Skip to content

What You Need to Know About High Blood Pressure in Children

    A common misconception about hypertension, otherwise known as high blood pressure, is that it only happens to adults and old people. Unfortunately, children are also susceptible to having high blood pressure because this condition can affect people of any age.


    As with adults and seniors, hypertension in children is an alarming problem. The good news is that you can help prevent and control your child’s high blood pressure. The first step is to learn why it happens.


    Healthy blood pressure in children

    Blood pressure refers to the force in the arterial walls as your heart pumps blood throughout your body. There are two numbers that are used when measuring it: the systolic pressure and diastolic pressure.


    Systolic pressure refers to the amount of pressure in the arteries as your heart contracts. It is the top number in the reading. Diastolic pressure refers to the amount of pressure in the arteries as your heart relaxes. It is the bottom number in the reading.


    For example, if the reading is 120/90, the systolic pressure is 120 and the diastolic pressure is 90.


    Determining the normal range of blood pressure in children is relative. There are several factors that will need to be considered, such as gender, age, weight, and height. Your child’s pediatrician will be able to determine this number.


    How can children develop high blood pressure?

    Hypertension happens when the force of the blood that is pushing through the arterial walls is too high. As a result, the heart has to pump harder and the arteries are under greater tension than they normally are.


    The specific cause of high blood pressure is unclear. However, there are factors that increase a child’s risk, such as:


    • Genes
    • Obesity
    • Certain medications
    • Family history
    • Too much sodium in the diet
    • Lack of physical activity


    If left untreated or uncontrolled, high blood pressure can lead to fatal diseases in children. It can cause heart and kidney diseases, eye problems, and even stroke.


    Hypertension is more common in adults, but children and teenagers can be affected too. This is especially true for kids that are obese. It is one of the most common risks of high blood pressure. Obesity may be caused by several factors:


    • Too much consumption of unhealthy food. Some children have bigger body frames due to genetics, but obese kids have above the normal weight for their age and height. This happens when children eat too much food than their body needs, causing enormous weight gain.


    Often, it is caused when a kid’s diet is full of unhealthy food. Chips, chocolates, candies, fast food, soda, and juices are the common culprits. These foods are loaded with salt, sugar, and empty calories that are bad for the child’s health.


    • Lack of physical activity. In addition to a poor diet, lack of exercise can lead to high blood pressure in children. Nowadays, kids can find entertainment through gadgets and electronics. This sedentary lifestyle reduces their time to play outside and exercise.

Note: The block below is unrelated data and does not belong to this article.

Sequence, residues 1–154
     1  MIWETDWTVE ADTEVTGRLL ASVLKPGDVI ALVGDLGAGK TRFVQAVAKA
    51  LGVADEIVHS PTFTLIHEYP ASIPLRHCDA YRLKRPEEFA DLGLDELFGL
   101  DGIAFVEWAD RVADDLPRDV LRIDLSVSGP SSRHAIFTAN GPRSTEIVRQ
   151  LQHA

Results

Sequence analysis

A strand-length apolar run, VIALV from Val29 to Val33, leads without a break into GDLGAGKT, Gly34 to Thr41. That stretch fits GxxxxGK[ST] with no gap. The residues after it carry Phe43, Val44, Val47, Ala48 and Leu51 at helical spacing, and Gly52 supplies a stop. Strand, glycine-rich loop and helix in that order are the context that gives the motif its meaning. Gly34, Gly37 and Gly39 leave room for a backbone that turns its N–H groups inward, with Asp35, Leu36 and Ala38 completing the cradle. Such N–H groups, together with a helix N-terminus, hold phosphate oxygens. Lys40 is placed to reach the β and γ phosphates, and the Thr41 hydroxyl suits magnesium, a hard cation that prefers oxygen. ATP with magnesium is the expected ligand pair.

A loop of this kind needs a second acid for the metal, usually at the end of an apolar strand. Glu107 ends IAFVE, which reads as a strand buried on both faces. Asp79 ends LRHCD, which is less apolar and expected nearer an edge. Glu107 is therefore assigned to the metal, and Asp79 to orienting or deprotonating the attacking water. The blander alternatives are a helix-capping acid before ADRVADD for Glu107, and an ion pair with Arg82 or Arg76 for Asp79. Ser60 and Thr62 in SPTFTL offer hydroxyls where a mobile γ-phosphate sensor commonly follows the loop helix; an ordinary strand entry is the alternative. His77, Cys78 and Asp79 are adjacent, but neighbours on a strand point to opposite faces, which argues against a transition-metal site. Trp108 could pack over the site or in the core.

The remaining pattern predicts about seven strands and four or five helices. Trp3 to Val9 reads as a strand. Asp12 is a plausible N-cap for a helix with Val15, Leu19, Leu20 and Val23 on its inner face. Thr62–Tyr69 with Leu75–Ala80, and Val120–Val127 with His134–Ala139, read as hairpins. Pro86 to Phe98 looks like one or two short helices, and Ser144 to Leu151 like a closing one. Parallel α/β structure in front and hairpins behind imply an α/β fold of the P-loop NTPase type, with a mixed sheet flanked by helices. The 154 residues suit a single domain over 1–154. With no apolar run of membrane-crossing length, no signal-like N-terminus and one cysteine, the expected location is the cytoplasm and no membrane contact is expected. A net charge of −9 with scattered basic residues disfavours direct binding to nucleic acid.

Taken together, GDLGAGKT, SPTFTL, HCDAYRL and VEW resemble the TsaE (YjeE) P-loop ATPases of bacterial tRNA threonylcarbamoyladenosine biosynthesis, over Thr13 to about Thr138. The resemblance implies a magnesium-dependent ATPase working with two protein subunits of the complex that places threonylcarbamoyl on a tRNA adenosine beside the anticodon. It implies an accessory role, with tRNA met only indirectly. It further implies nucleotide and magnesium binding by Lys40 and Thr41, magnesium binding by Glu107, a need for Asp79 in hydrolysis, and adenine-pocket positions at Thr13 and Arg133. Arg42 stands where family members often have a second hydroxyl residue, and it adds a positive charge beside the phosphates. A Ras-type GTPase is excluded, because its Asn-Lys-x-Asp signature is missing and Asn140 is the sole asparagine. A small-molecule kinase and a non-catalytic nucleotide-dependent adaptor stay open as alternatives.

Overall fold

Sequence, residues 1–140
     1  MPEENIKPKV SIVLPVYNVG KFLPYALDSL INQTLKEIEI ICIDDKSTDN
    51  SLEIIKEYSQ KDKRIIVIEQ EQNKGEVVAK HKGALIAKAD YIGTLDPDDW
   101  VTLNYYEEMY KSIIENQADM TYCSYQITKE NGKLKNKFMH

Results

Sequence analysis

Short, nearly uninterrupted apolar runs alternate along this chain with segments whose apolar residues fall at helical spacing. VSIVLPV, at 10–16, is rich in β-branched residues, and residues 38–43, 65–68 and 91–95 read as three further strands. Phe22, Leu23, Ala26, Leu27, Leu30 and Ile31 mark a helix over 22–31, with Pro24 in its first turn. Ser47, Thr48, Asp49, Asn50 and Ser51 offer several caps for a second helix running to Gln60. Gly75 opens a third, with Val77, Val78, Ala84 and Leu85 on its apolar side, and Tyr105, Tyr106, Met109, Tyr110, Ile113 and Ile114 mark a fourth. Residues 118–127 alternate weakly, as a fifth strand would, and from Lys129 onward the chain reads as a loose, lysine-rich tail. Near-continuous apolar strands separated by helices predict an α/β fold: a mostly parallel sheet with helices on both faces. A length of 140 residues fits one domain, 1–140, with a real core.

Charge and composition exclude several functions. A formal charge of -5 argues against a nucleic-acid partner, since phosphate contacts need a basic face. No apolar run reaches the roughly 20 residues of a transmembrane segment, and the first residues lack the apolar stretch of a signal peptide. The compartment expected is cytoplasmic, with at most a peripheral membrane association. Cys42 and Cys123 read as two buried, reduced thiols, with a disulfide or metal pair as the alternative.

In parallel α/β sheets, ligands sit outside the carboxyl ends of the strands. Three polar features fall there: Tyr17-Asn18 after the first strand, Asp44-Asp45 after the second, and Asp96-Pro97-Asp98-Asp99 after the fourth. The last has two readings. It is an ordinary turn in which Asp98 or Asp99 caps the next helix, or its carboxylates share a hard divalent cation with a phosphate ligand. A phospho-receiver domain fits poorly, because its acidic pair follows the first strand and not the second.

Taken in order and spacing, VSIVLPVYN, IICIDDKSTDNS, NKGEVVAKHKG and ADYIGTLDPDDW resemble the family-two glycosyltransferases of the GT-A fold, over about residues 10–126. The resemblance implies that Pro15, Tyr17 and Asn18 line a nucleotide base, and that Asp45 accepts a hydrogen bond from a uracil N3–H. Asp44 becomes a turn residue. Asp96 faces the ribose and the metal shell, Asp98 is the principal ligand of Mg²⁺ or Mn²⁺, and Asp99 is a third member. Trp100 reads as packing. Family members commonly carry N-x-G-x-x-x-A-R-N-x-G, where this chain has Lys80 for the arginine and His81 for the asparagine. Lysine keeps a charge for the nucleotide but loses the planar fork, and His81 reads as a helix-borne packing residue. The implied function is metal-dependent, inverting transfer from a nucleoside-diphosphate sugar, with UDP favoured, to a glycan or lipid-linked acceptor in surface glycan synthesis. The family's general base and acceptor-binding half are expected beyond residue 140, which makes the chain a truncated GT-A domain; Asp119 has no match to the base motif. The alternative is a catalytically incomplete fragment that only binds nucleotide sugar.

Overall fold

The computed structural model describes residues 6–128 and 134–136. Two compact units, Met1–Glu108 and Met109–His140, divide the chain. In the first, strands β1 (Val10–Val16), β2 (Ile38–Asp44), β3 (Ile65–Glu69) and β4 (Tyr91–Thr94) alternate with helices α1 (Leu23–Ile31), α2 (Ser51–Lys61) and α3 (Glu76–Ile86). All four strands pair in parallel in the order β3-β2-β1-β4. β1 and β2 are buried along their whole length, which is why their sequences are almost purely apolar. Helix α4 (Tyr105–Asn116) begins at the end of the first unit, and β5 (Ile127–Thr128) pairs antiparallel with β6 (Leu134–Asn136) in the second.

It’s important to watch your child’s diet and let them engage in physical activity to reduce their risk of hypertension.


    Symptoms of high blood pressure in children

    Oftentimes, hypertension doesn’t display any symptoms. During doctor visits, kids often have high blood pressure because they are anxious or nervous. This makes it more difficult to diagnose hypertension in just a few visits.

    To help you get accurate blood pressure readings, it’s important to monitor your child’s blood pressure at home regularly. There are blood pressure monitors for kids that you can get from that are easy to operate. Then, you can relay their measurement to the pediatrician.


    In severe cases, high blood pressure causes dizziness, nose bleeding, racing or fluttering heart, headaches, nausea, and blurry vision. 


    How is high blood pressure in children treated?

    In most cases, there is no need for children to take medications to treat hypertension. The pediatrician will most likely recommend lifestyle changes. Examples of this include:


    • Serve a healthy diet. Prepare home-cooked meals for your child that are fresh and nutritious. For a detailed guide, you can follow the Dietary Approaches to Stop Hypertension (DASH) diet plan. But basically, it includes eating vegetables and fruits and reducing fatty, salty, and sugary foods.


    Consulting a dietitian can help you plan healthier meals that will suit your child’s palate. Take note that having a healthy diet doesn’t mean restricting your child from their favorite foods. You can let them indulge sometimes, but not regularly.


    • Engage in physical activity. Exercise is important in keeping your children physically fit. At least 15 to 30 minutes of daily physical activity is needed for children. They don’t have to go to the gym or use fancy exercise equipment to do this. Doing simple tasks such as letting them help you mop the floor, tend the garden, or walk the dog.


    Still, the best way to let kids engage in physical activity is by letting them play. Not only does it benefit them physically, but it also enhances their social and mental skills.


    • Monitor their blood pressure regularly. This will help you determine if the lifestyle changes you’re doing are working for your kid. It will also help your doctor make an accurate diagnosis and treatment plan.



    High blood pressure among children is possible, but it is preventable and manageable. There are many factors that can increase their risks, such as their genes and family history. However, with the proper lifestyle adjustments, you can ensure that your child’s blood pressure remains normal.